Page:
West African Trade: A Study of Competition, Oligopoly and Monopoly in a Changing Economy

By P. T. Bauer | Go to book overview

CHAPTER 8
THE ADVANTAGES OF CAPITAL AND SIZE

I. ADVANTAGES OF FINANCIAL STRENGTH IN TROPICAL TRADE

Assured access to substantial capital is everywhere a source of commercial strength, and this is more pronounced in some trading activities than in others. The advantages conferred by access to supplies of capital appear to be very marked in foreign trade with tropical or subtropical countries exporting primary products, and they provide the principal explanation for the successive waves of amalgamation of firms in the West African trade and the resulting emergence of a few large predominant firms.

Although the extent of concentration in West African trade is unusually high for such a large market, a fairly high degree of concentration is a feature of the external trade of many of the so-called under-developed areas. While in some instances fortuitous circumstances have served to promote concentration (for instance, administration of certain territories in the past by chartered companies), the principal reason for the predominance of a comparatively small number of large firms seems to be the advantages offered by the possession of large capital.

The most obvious factor responsible for the heavy capital requirements is the long period over which merchants have to finance stocks in many branches of tropical trade. In the import trade there is often a long time between the placing of orders and the ultimate disposal of the merchandise, a considerable period may also elapse between the purchase of produce up-country and its eventual sale. Although bank credit is sometimes available for some of these operations, the capital requirements of the merchants are heavy.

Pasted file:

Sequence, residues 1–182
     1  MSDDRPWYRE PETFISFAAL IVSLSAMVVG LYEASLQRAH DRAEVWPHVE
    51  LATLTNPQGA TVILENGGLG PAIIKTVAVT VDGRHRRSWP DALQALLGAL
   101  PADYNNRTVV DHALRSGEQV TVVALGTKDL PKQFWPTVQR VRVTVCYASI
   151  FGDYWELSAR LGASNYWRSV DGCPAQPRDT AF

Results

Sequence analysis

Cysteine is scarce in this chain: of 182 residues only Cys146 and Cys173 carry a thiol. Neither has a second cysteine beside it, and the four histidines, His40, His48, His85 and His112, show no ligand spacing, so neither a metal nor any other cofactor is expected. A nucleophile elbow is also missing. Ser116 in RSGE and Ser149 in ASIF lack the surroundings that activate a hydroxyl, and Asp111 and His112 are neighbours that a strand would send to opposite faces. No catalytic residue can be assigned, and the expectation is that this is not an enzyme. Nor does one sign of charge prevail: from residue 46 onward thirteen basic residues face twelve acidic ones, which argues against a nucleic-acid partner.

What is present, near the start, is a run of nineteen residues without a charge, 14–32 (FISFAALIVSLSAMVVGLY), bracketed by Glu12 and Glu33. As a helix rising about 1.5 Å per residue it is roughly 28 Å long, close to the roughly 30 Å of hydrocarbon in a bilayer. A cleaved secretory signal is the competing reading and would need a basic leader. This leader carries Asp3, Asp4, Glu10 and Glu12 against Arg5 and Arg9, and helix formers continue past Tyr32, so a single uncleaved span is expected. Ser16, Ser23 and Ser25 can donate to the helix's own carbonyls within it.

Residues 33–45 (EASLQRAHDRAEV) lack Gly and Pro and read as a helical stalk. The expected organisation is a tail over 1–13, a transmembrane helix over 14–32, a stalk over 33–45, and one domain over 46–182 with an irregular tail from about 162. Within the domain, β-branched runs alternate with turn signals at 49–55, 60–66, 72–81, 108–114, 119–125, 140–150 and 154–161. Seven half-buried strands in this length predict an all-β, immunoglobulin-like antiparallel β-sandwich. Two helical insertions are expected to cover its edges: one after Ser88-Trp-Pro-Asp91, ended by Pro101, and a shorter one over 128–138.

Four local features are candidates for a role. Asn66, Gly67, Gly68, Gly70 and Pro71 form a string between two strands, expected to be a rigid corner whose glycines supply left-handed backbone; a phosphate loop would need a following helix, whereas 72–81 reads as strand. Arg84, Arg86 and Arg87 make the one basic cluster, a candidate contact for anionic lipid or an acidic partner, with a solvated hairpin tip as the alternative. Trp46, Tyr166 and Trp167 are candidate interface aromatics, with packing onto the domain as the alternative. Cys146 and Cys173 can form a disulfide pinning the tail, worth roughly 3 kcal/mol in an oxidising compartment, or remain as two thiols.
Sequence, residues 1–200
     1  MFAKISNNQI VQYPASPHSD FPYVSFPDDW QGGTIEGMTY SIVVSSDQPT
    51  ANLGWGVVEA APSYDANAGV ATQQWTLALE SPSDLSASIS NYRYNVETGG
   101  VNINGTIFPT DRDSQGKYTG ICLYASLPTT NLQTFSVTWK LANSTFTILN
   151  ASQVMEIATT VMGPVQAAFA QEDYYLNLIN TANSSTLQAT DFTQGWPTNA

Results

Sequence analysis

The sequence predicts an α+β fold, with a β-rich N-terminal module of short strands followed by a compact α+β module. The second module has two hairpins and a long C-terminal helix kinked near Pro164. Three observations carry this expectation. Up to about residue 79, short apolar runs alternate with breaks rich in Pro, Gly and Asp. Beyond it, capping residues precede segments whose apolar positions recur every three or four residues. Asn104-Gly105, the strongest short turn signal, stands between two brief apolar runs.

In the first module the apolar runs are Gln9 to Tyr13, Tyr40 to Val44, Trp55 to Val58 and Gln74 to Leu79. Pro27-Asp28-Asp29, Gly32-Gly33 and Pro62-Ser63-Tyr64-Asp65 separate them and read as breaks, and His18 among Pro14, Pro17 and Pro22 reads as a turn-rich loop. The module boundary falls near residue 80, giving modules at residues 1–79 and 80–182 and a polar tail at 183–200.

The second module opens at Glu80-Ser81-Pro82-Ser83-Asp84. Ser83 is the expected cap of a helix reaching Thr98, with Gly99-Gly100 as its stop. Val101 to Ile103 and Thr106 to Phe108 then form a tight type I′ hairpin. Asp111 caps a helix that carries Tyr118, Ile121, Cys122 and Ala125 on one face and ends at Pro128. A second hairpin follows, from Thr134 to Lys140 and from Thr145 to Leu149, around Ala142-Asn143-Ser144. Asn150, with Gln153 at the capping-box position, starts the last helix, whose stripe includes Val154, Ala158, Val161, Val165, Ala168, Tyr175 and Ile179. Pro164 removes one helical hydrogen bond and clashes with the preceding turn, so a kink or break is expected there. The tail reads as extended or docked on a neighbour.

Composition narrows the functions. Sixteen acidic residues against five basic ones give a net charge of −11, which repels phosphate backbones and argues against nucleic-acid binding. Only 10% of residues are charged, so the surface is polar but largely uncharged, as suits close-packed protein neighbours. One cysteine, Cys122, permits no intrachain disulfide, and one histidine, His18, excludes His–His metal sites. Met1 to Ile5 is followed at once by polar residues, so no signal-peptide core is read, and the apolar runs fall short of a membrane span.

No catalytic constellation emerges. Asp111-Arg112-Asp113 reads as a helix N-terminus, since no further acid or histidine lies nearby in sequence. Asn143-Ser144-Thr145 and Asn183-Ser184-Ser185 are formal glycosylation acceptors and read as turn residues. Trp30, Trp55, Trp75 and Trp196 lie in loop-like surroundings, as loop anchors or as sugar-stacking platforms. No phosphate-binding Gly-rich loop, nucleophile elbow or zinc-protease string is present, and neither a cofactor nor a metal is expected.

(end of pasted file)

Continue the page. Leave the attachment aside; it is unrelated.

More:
Moreover, the capital is exposed to considerable risk, which tends to increase with the length of time over which commitments are undertaken and stocks held; this also places a premium on the possession of capital resources. The wide fluctuations in the prices of their principal exports, and the resulting variations in local purchasing power, are apt to increase the risks of trading in under-developed countries well beyond the normal commercial risks in more advanced territories. A fall in incomes is likely to bring about losses on stocks of merchandise, indeed, stocks may at times become unsaleable. Firms short of liquid resources may be unable to weather temporary adversity, or to develop stable and continuous relationships with overseas suppliers. Wide fluctuations

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